More than 80% of family businesses and 60% of small businesses have no succession plans in place. This means most of the nation’s small companies could be totally upended by a retirement, career change, death, incarceration, or other life-changing event.
According to a study by Dr. David Paradise, who researches small and family businesses, the top reasons for a lack of a succession strategy include poor internal communication, lack of planning skill, emotional struggles, and an inability to foster conflict resolution.
But these issues don’t have to threaten your small business. To create a successful succession strategy, work with an Oklahoma small business coach and take the following steps.
#1: Create a Retirement Calendar
Forbes magazine looked at how retirement affects succession planning and found that approximately 10,000 baby boomers retire every day. They also found that until the final days before retirement, most business-owner baby boomers can’t articulate their succession plan.
When asked, most retiring business owners only have vague answers about what will happen next - like they plan to sell the business but don’t know who will buy it, or hope a family member will step in but aren’t sure. These vague plans can lead to chaos for the company.
To combat this, create a retirement calendar for all top executives in the organization. Set a target retirement date for each person - even if it’s just a guess - and build backward from there, noting milestones like 1 month, 3 months, and 1 year until retirement for each person. This will build a realistic retirement picture, so you can plan more effectively.
#2: Right People, Right Place, Right Time
Next, develop a transition plan for having the right people in the right place at the right times, no matter what happens. So if Jane Jones’ retirement date is January 1, 2021, the company can plan to train Stan Smith during the entire year of 2020 in preparation to replace her.
The same goes for replacing people who simply leave the company to pursue other work. Could your company handle a top executive giving just 1 week of notice, or no notice at all?
A succession plan can tell you what to do next in this urgent situation.
Keep in mind that each line of succession should have more one person who is next-up, in case the situation changes rapidly and you need a backup to your backup. In fact, having a limited number of backup options when successors leave is one of the top reasons succession plans fail.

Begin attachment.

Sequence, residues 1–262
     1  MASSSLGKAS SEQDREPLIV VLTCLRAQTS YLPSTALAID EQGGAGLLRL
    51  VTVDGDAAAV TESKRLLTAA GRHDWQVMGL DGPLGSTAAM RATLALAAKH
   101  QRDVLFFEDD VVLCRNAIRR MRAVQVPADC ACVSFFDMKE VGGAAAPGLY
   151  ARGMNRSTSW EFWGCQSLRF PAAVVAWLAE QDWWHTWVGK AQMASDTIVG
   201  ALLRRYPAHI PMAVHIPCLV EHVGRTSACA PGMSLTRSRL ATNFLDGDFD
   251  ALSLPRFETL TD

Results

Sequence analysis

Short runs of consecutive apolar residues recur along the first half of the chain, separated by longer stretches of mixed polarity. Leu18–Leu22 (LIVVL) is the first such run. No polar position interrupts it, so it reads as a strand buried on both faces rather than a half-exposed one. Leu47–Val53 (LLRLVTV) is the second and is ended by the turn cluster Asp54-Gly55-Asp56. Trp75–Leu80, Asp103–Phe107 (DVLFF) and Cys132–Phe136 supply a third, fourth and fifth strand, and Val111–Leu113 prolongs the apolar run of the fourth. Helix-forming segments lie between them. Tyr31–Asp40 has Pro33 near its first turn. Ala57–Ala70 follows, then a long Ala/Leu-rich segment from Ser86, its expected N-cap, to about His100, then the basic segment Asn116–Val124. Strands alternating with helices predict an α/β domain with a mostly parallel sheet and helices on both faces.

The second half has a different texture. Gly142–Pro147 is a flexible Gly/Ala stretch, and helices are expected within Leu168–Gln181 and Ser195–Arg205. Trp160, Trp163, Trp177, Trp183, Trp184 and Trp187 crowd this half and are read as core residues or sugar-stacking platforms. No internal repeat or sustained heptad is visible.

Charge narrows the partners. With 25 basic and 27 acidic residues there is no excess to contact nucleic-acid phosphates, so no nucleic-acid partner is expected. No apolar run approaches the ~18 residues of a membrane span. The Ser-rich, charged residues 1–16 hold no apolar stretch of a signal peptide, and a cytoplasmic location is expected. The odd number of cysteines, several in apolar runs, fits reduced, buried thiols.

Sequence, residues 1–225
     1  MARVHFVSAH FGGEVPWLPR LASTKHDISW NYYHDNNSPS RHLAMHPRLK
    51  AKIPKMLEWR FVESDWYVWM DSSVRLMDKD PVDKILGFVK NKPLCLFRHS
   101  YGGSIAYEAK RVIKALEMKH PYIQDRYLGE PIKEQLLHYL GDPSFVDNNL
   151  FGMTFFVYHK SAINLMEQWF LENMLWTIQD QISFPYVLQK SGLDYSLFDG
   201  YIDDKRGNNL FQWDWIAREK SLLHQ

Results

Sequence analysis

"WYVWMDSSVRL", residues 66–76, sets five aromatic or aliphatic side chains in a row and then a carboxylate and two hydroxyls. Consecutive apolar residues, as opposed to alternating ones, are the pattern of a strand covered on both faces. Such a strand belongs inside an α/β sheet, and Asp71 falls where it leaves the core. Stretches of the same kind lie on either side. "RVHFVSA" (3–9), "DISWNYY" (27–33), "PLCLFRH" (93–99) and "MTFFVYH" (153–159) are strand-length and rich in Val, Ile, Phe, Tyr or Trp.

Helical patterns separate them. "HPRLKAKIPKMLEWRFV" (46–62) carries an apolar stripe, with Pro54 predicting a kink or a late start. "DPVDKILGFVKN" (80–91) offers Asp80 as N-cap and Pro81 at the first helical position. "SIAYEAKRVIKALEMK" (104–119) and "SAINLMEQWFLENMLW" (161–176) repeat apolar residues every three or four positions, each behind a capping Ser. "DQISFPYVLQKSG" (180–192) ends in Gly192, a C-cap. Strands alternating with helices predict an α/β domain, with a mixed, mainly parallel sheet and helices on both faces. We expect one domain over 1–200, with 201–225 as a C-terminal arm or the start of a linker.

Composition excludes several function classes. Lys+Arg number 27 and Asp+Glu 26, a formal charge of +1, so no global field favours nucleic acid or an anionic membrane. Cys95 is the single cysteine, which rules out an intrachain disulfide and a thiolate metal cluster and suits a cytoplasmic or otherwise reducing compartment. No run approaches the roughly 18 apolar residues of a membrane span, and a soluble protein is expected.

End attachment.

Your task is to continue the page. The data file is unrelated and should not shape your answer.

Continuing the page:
Determine your successors and list them in priority order. Create what-if scenarios that will help the company adapt, even if several successors leave at the same time.
#3: Plan for Tomorrow, Not Today
Another way to ensure your succession plan is successful is to view it through the lens of the future, not the present. For example, if the company is likely to buy out a competitor within the next 6 to 12 months, the succession plan should be updated to take this into account.
This is particularly important if you have locations spread across a wide geographic area. When a company suddenly needs a successor to step up, the person’s family might not be able to move on short notice. Develop a plan that includes short/long term options for remote work and commuting.
#4: Communicate Clearly
Poor communication is the fastest way to kill a great succession plan. It’s amazing how many companies create succession plans without even telling the successors what the company has in mind for them. When the time comes, everyone is surprised to find themselves scrambling.
As you create your plan, notify everyone involved about their proposed succession role. Solicit their feedback and incorporate it into the plan. This means there will be no surprises and everyone involved can work as a team to evolve the structure of the company over time.
#5: Strategize With a Small Business Coach
Does your company already have a succession plan in place? If not, look for an Oklahoma small business coach who can help guide the process.
Ascension CPAs & Consultants is a full-service business coaching company that improves financial forecasts through accounting, bookkeeping, payroll, taxes, planning, and CFO services. We can reduce the tax burden your company faces and provide business consulting services with a personal touch.